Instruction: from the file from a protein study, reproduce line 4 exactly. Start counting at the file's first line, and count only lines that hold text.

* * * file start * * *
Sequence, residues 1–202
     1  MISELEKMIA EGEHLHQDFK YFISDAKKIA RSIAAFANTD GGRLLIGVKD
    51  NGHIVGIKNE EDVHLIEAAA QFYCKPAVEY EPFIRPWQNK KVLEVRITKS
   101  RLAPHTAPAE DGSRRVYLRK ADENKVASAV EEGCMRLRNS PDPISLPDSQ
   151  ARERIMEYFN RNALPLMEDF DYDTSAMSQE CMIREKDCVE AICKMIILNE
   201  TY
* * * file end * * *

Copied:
   101  RLAPHTAPAE DGSRRVYLRK ADENKVASAV EEGCMRLRNS PDPISLPDSQ